06 July 2009

True Blood, Fangbangers, and Southern Goth

FatScribe is pleased to post the following guest piece by Caleb Garcia.

What makes True Blood tick? How does it work so well? Based on The Southern Vampire Mysteries by New York Times bestselling author Charlaine Harris, True Blood is an intelligent, ensemble, character piece containing intriguing themes and large ideas executed through confrontations between characters and provocative story telling.

Six Feet Under creator and producer Alan Ball is the showrunner behind this HBO network drama (his second for HBO). Ball, the Oscar winning American Beauty scribe (and a personal favorite as far as brilliant screenplays go), brings the familiar theme of misunderstood outsiders and sympathetic heroes into a more dangerous world of mystery and sorrow through the southern gothic genre, seen here as the fictional town of Bon Temps, Louisiana.

The town is set in present day America but with a twist: thanks to a Japanese-made synthetic blood called “TruBlood” many vampires are living in the open as citizens, integrating with mortals or “mainstreaming” as the vamps have dubbed it (talk about your contretemps in Bon Temps, LA). The central vamp mainstreamer is Bill Compton, a clean-cut, former Confederate gentleman-soldier, committed to a nonviolent existence, even if it means ingesting less-than-appetizing synthetic blood. Bill’s the archetypal outsider and at this narrative’s core is a love story between outsiders. Central protagonist and resident mind-reader Sookie Stackhouse falls for Bill in a ‘love conquers all’ forbidden romance for the ages. But, in true Shakespearean tradition, obstacles aplenty are thrown in our lovers’ way in the form of secrets, prejudices and societal pressures that hinder their developing relationship.

It’s important that, like Stephenie Meyer and the Twilight series, Harris writes the central romance from the non-vampire female perspective. Where True Blood succeeds over Twilight (my knowledge limited to just the film version) is the balance of strong human characters being equally, if not more, interesting then the central vampire players. Although we discover that many of the characters are more than what they seem, it’s the human element, the relatable heart and soul of True Blood that stirs the emotion and makes its impact.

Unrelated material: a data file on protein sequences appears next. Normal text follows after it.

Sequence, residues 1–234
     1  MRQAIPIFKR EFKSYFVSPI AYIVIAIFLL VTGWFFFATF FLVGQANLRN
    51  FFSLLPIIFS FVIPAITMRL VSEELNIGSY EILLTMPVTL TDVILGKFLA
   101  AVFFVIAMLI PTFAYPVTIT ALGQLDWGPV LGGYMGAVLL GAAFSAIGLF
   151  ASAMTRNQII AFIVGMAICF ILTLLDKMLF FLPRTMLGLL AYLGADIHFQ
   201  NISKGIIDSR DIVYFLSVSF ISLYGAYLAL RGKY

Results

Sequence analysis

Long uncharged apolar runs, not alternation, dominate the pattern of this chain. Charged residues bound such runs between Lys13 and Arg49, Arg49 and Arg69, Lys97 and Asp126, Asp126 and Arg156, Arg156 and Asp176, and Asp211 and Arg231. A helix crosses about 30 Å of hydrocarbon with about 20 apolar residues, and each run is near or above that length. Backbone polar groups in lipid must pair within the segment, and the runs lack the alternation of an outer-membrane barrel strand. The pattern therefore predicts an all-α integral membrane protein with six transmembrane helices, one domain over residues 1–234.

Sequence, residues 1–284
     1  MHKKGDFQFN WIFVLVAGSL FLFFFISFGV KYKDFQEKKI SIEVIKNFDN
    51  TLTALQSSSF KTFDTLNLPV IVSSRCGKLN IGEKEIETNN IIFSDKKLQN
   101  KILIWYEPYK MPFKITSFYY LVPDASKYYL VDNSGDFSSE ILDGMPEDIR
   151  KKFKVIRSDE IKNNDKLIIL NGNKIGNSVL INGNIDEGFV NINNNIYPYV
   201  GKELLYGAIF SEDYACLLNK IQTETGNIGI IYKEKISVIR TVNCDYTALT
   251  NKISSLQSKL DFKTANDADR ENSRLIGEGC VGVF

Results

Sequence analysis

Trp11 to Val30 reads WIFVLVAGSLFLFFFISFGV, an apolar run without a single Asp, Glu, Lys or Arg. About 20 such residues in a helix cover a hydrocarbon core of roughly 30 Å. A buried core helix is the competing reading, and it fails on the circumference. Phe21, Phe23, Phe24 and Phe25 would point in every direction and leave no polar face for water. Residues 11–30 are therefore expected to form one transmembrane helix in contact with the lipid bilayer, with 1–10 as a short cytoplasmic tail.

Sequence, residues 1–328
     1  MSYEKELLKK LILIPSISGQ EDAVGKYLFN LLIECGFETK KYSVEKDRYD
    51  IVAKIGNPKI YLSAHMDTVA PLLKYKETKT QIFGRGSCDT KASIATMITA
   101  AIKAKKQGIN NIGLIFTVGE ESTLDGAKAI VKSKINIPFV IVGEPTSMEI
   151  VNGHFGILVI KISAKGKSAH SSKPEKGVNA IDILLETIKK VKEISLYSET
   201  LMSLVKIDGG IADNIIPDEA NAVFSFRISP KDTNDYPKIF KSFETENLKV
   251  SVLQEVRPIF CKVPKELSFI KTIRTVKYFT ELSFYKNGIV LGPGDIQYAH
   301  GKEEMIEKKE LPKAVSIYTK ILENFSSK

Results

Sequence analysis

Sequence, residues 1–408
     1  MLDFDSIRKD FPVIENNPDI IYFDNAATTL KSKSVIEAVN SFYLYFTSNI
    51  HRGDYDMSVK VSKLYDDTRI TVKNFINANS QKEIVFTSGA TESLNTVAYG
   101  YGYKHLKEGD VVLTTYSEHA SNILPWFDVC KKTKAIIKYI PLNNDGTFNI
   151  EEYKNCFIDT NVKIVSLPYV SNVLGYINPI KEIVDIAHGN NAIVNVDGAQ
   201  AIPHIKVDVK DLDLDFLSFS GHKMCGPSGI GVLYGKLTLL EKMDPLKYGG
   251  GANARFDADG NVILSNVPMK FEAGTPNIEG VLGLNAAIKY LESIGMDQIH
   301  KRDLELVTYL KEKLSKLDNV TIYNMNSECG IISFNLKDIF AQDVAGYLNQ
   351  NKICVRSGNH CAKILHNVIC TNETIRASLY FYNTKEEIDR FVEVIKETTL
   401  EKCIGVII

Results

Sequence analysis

Sookie, like Twilight’s Bella, is taking a risk by being intimate with one who craves her blood. Her attraction then is key to understanding the vampire as the quintessential bad-boy. Gone are the leather jackets, Ray Bans, half lit cigs and motorcycles. Bill represents a different type of strong and dangerous man, the powerful dark-side protector who is ennobled by dealing with a multi-century alienation and ever-present feeding urges, even against those he may care for. Or as Roger Ebert once lamented in his Twilight review, “Why do girls always prefer the distant, aloof, handsome, dangerous dudes instead of cheerful chaps like me?



K. said...

Sounds like a GREAT show! I have only heard rumors of it and now I might try to catch it...

And, Roger Ebert asks a question we women ask ourselves! Life would be easier if we liked the cheerful chaps instead of the tormented ones!

Entertaining guest post...

JGregg said...

Caleb -- Really nice piece. Thanks for sharing with us!! I've never watched True Blood (or been exsanguinated), but might check it out at some point.


John g.

Anonymous said...

The whole concept of a relationship with someone who craves my blood reminds me, eerily, of my first wife.

I'll have to check it out.


Caleb S. Garcia said...

Thank you all for the kind comments. This work, like all of Johnny G's, was one of time and dedication. For other work that may or may not be FatScribe worthy, you can always turn your attention to


Peace and Love,

Caleb S Garcia